City of Albuquerque tries to decertify a class action lawsuit for gender pay equity

The City of Albuquerque filed a motion last week to try to prevent a class action lawsuit that alleges gender pay discrimination. About 600 women joined four original plaintiffs in 2020 to create a class action lawsuit to seek redress for alleged gender pay discrimination. The original four plaintiffs filed their suit in 2018. Related: ABQ faces class action suit over disparity in pay for women

The plaintiffs’ attorney, Alexandra Freedman Smith, said the pay inequity is so significant, that in some cases, the plaintiffs are alleging there is as much as a $7 an hour difference between what men are paid and what women are paid for the same job. Freedman Smith said some of the women are owed around $100,000 because of the pay differential.

ABQ faces class action suit over disparity in pay for women

The City of Albuquerque is facing a class action lawsuit, filed by female employees who say they have been paid less than their male counterparts for years. 

The suit was filed in 2018, but this month a state district judge ruled that the suit can include any classified female employee who worked at the city between 2013 and 2020 and was paid less than males doing the same job. The suit can also include those who no longer work for the city, but did during that time period. 

Alexandra Freedman Smith, the lead attorney for the plaintiffs, said she and the other plaintiffs’ attorneys are now in the process of notifying other women who might be owed compensation. 

The impetus of the suit is partly a New Mexico law enacted less than 10 years ago called the Fair Pay for Women Act. 

“The Fair Pay for Women Act was enacted in 2013, so from then on, this has been an issue,” sha said. 

Freedman Smith also said, unlike many other class action lawsuits that offer plaintiffs a cut of a settlement amount, women in this case are owed raises, back pay and possibly a recalculation of retirement pay.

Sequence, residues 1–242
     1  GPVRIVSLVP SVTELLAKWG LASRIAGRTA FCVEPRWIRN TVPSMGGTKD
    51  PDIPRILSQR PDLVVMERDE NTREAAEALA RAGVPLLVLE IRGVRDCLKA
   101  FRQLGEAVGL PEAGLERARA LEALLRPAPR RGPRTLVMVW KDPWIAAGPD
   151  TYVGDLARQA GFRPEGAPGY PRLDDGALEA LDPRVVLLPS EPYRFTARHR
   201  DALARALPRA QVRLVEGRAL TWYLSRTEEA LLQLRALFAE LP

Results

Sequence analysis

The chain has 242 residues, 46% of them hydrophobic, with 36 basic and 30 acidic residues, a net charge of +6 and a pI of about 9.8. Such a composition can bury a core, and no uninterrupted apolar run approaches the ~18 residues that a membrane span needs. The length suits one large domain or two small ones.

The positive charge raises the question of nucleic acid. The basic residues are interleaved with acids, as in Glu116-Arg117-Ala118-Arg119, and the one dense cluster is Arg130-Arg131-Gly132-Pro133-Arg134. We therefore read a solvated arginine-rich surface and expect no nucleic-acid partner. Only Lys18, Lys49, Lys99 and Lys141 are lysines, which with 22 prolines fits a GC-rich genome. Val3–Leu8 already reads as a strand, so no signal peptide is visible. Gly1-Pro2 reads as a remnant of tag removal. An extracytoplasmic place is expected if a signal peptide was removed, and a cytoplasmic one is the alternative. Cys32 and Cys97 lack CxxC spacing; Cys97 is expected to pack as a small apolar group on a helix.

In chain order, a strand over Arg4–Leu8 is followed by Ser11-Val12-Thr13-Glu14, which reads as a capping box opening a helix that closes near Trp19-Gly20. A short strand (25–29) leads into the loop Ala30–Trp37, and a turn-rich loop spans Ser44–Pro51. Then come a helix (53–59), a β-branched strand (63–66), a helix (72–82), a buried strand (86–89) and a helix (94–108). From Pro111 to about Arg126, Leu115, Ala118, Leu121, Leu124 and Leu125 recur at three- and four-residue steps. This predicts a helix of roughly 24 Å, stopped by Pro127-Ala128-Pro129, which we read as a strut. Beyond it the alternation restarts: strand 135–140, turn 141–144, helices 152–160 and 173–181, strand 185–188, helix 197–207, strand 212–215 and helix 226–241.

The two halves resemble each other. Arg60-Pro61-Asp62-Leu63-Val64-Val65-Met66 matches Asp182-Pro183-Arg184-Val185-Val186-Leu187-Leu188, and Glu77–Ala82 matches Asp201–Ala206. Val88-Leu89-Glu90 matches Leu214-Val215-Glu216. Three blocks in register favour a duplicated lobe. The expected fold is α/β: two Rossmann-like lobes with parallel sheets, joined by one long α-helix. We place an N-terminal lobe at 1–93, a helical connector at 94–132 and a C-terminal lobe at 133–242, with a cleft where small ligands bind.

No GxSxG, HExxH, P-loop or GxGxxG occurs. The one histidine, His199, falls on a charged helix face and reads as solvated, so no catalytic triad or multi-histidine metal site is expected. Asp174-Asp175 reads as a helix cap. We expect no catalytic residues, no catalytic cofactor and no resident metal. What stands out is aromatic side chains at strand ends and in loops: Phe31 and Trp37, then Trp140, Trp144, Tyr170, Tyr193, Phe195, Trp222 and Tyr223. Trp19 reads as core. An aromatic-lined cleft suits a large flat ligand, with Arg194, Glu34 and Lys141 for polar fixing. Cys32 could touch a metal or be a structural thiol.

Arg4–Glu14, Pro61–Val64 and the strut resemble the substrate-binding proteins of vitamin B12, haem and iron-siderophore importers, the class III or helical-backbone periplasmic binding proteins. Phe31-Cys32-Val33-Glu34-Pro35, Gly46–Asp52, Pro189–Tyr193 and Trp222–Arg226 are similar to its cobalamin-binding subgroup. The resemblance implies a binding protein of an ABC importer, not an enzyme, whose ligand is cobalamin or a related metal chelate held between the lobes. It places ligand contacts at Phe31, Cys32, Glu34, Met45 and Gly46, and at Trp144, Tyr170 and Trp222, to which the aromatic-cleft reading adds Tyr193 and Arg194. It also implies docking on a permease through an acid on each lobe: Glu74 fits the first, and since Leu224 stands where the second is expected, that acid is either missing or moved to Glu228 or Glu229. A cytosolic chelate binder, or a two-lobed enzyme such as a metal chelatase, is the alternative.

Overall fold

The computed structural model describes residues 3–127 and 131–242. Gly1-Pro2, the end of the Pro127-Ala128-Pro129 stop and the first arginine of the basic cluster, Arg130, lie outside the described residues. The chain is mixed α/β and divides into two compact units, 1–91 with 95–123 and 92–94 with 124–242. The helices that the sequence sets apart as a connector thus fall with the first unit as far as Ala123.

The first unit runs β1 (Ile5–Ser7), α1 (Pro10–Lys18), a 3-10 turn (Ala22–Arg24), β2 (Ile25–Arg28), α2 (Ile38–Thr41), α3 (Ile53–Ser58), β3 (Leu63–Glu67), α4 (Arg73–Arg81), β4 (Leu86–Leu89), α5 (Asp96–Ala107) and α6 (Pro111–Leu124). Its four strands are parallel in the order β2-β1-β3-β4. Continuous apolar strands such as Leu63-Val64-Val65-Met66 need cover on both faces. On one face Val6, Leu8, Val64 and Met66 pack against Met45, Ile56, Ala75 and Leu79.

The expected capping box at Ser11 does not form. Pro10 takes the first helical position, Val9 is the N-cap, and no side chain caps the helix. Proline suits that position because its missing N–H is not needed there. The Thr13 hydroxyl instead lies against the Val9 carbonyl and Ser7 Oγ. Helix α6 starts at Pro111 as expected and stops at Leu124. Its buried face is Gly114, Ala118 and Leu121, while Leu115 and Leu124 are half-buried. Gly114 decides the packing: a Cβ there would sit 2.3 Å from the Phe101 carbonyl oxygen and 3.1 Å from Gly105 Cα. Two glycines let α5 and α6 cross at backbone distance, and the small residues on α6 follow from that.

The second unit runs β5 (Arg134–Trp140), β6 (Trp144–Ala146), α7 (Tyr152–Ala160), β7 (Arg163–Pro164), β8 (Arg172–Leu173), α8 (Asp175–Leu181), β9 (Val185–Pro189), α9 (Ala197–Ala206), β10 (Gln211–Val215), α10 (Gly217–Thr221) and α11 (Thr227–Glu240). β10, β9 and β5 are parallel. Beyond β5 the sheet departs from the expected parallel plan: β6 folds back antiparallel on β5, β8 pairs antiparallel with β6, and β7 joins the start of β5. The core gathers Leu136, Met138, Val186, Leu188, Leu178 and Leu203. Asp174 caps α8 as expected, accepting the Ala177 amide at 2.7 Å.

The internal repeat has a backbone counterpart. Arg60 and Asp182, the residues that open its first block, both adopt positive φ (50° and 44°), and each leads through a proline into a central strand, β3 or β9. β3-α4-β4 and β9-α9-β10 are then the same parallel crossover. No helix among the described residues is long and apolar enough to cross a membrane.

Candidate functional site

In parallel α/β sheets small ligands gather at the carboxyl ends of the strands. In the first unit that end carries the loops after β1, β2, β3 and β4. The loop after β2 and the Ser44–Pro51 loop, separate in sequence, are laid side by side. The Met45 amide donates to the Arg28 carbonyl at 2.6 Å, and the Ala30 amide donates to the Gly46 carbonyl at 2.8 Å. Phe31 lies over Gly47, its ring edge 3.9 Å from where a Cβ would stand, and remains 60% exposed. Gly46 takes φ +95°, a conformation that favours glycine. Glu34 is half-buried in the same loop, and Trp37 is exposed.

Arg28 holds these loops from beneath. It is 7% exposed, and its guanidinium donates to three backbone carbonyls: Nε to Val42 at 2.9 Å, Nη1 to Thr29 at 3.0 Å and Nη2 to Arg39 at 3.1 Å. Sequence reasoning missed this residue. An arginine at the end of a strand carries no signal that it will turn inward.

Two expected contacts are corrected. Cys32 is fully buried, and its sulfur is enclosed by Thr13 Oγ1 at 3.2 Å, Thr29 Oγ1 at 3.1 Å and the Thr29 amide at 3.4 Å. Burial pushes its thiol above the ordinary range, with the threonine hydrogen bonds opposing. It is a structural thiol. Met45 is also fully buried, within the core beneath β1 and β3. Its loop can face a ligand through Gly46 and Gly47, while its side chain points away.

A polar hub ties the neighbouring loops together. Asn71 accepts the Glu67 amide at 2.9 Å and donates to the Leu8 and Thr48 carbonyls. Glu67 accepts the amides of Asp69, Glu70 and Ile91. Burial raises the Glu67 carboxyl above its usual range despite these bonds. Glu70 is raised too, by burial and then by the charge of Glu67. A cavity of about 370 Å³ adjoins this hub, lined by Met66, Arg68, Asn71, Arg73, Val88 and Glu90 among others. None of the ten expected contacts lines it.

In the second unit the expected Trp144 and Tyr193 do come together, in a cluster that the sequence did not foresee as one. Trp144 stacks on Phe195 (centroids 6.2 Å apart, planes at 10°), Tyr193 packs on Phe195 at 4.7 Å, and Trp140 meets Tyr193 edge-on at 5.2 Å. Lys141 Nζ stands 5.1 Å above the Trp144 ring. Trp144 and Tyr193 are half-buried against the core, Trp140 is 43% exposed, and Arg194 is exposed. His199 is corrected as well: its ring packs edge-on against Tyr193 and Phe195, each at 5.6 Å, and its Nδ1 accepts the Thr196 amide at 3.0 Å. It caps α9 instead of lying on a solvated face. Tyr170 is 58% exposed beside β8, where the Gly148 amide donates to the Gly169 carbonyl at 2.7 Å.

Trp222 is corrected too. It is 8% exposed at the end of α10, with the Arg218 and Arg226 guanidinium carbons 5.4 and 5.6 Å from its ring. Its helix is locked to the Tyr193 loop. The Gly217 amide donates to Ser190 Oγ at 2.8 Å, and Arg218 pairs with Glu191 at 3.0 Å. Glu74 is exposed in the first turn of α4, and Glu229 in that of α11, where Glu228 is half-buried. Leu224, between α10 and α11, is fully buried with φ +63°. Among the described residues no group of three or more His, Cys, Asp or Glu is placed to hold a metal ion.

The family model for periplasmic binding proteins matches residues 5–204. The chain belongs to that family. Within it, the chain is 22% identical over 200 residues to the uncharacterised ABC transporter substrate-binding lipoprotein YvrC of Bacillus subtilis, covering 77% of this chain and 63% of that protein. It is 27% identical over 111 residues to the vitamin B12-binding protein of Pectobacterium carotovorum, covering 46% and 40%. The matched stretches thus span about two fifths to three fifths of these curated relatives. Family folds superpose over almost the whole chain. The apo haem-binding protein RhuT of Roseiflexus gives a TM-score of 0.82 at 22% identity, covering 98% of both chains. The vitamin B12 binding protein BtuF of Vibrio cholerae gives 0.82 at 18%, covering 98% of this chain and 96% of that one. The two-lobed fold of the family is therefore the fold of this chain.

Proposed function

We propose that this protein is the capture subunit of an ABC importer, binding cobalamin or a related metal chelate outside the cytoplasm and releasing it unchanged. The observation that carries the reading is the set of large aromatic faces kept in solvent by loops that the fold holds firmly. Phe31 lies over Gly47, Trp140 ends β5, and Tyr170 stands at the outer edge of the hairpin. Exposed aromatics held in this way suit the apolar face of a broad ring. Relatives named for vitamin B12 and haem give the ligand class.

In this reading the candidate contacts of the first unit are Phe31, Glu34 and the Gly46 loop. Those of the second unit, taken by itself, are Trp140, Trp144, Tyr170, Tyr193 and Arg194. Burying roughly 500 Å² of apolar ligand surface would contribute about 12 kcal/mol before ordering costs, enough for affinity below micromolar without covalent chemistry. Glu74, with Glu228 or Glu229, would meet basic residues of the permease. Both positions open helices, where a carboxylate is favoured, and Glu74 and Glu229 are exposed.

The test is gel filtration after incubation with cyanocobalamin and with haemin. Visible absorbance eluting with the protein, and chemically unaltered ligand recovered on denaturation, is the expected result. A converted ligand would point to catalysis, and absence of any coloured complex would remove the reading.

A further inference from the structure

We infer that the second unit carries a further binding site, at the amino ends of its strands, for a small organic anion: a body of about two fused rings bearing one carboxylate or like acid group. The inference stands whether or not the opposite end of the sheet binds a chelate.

“The class members are entitled to substantial amounts of money,” she said. “We’re not talking about small amounts, we’re talking about large amounts.”

As part of his decision to allow the suit to become a class action, the judge included evidence that seemed to show a number of men started off at a higher wage than women who had been doing the same job, for longer. 

Freedman Smith said that data shows that the issue is not about job performance or seniority. 

“What we’re talking about is the base pay that people are paid, and they’re just getting a higher base pay from the get go than the women, even women who have been there a lot longer,” Freedman Smith said. 

Freedman Smith also said she has tried to work with the city to address the problem, with no success. 

“We’ve certainly tried to negotiate with them and they just haven’t been willing to do anything about it,” Freedman Smith said. In a statement through a spokesman for Albuquerque Mayor Tim Keller’s office, the city’s legal department pointed out Keller’s past work advocating for pay equity. 

“While we can’t comment on ongoing litigation, Mayor Keller has been at the forefront of the pay equity fight in New Mexico for years, including leading the first statewide study of pay equity while at the State Auditor’s Office, and he will continue to advance fairness at the city,” the statement read. 

As state auditor, and months before he was elected to be mayor, Keller said his office found pay disparity on a state level. 

But less than a year after Keller became mayor the plaintiff’s filed their suit against the city. At the time, the plaintiffs were represented by Matt Garcia and Jonathan Guss.

Case could determine if state is bound by Fair Pay for Women Act

A pending legal case against the New Mexico Corrections Department may determine whether or not the state must abide by a law requiring equal pay for men and women. The case goes back to a complaint filed in the First Judicial District Court in 2013 against the Corrections Department by Alisha Tafoya-Lucero, a deputy warden with the state corrections department. The complaint alleges that Tafoya-Lucero is paid less than one of her male colleagues and that the department is in violation of the Fair Pay for Women Act, which Gov. Susana Martinez signed into law less than a year before. According to the complaint, Tafoya-Lucero earned $10 less per hour than Derek Williams, another deputy warden. Currently,Tafoya-Lucero is listed as the lowest earning deputy warden, whereas Williams is listed as the top earner for the job classification.